One additional suggestion found in the related art has been to form a single dose dispenser for use in body cavity injection from a water-soluble polyvinyl alcohol (U.S. Pat. No. 2,518,486). However, such a tube has been found to be relatively unstable in the presence of moisture laden air, becomes prematurely sticky in contact with moist surfaces, and is costly to fabricate since it must be cast from solution and then moulded to shape. up to this time, a satisfactory disposable tube which performs well under use conditions and in which the entire structure comprises water-dispersible plastic has not been available.

This invention is directed to a plastic insertion tube which has the marketing and cost advantages of known water-insoluble plastic tubes and yet is waterdispersible.

SUMMARY OF THE INVENTION The improved tampon insertion devices of this invention broadly comprise tubes made from a thermoplastic, normally water-soluble polymer, compounded with low cost clays, talc, wood flour, fibers and the like. The tubes are injection molded or extruded to obtain the desired shape and configuration. The preferred thermoplastic materials are polyethylene oxide polymers having a molecular weight of from about 100,000 to about 2,000,000, a Brookfield viscosity in the range of 8,000-l2,000 cps for a 5% aqueous solution, and a melting point of about 65C; and hydroxypropyl cellulose polymers with a molecular weight of about 75,000 to about 375,000, a Brookfield viscosity in the range of -1200 cps for a 5% solution, and a softening point of about 130C. The addition of compatible cross-linking agents, surfactants, glycols and glycerides or similar plasticizers, anti-oxidants, and processing lubricants are also contemplated. Tubes compounded in the above manner are characterized by a smooth flexible cosmetic surface, have less tendency to adhere to moist mucous membrane and epidermal tissue, yet will disperse readily in water when disposed of in a toilet.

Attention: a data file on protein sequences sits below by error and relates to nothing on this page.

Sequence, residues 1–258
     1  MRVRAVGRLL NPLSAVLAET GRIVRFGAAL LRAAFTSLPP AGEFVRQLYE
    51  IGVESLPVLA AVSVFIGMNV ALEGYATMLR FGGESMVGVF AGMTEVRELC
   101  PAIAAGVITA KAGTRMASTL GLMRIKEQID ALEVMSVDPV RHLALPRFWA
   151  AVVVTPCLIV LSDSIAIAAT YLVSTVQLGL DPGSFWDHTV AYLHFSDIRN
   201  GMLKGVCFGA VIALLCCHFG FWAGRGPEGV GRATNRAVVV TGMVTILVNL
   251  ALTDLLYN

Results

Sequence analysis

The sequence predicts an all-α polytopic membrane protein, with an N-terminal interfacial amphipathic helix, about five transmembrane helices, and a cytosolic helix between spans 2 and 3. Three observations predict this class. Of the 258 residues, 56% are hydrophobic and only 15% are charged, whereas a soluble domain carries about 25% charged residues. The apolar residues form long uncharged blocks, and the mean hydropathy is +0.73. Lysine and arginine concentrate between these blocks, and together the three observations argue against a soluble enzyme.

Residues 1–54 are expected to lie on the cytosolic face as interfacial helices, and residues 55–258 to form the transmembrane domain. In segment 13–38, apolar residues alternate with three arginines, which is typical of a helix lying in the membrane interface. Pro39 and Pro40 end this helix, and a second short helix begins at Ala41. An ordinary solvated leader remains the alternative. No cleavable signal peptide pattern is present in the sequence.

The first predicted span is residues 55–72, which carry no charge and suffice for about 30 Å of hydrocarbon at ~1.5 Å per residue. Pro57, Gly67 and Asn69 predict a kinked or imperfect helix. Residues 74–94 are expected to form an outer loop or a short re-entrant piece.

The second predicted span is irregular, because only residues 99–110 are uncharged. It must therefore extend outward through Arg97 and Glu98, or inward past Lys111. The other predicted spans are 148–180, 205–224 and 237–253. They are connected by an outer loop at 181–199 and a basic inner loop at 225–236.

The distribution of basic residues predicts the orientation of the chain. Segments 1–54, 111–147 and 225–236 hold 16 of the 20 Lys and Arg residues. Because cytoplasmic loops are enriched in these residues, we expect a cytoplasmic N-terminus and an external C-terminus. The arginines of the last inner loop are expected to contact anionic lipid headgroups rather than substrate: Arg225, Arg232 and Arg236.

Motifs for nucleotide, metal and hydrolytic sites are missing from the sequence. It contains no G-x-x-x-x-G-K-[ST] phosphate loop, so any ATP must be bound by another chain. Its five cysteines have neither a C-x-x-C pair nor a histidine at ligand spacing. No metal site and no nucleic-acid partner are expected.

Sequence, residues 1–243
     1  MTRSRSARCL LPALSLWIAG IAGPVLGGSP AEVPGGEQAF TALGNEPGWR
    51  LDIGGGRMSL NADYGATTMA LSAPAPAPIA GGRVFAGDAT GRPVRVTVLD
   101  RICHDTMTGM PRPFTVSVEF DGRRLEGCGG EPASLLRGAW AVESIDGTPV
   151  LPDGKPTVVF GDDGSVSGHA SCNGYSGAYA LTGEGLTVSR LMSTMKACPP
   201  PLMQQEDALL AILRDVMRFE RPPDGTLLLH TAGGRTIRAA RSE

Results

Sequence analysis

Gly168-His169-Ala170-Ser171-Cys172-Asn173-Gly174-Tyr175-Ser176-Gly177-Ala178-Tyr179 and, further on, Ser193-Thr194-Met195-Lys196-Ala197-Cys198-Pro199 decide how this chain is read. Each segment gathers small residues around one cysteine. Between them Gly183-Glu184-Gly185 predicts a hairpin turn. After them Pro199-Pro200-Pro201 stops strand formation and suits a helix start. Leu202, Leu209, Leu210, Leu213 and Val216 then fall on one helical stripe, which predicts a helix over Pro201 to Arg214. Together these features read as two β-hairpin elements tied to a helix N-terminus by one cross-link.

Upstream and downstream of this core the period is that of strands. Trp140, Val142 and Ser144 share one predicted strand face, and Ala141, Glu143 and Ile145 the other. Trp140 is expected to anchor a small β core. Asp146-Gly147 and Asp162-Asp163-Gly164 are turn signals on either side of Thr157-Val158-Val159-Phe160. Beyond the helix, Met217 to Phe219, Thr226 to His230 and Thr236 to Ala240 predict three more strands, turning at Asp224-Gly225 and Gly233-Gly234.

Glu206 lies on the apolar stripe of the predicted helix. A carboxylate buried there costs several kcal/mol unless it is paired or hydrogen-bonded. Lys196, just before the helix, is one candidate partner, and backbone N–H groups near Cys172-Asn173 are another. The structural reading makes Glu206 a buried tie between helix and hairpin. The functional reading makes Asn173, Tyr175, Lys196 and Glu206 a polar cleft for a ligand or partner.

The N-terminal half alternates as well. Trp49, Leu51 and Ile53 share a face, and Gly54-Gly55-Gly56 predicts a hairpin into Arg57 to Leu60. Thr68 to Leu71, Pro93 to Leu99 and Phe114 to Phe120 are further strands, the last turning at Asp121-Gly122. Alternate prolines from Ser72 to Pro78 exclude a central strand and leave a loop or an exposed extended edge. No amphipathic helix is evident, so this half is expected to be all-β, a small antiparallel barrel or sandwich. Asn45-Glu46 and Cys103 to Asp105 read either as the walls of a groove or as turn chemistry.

Accordingly, it is an object of this invention to provide improved devices for use in inserting tampons or the like into body cavities, such devices being adapted for disposal in water base toilet systems without danger of causing stoppages of same.

Other objects and advantages will become apparent by referring to the following description of preferred embodiments.

DESCRIPTION OF PREFERRED EMBODIMENTS By way of example, a typical tampon applicator incorporating the invention maycomprise an outer tube approximately 3 inches long and one-half inch in diameter with a wall thickness of from less then one sixtyfourth to about three sixty-fourths inch, and an inner tube of similar length and wall thickness but having an outer diameter slightly less than one-half inch, or sufficient to lightly frictionally engage the outer tube while in telescopic association therewith. Tube elements of approximately the above dimensions may be fabricated in their simplest form by injection molding a waterdispersible compounded plastic of the following formula:

parts by weight hydroxypropyl cellulose having a molecular weight of about 75,000, and 100 parts by weight of tale.

The resulting tubes have a smooth outer surface with excellent molding characteristics. The walls are sufficiently rigid to resist denting, yet have a resilience which permits a reasonable amount of distortion or bending without causing permanent deformation. The smooth, wax-like surface exhibits a low coefficient of friction which facilitates easy insertion into a vaginal cavity under both dry and moist conditions. When these applicator tubes are dropped in water they begin to soften and dissolve in a short time and in due course disperse completely.

Tubes made of the same polymer, but devoid of compounding materials, initially exhibit a smooth surface. However, the surface becomes sticky in contact with small amounts of moisture, thus making insertion difficult and uncomfortable. This tendency to become sticky also reduces the aesthetic qualities of the device.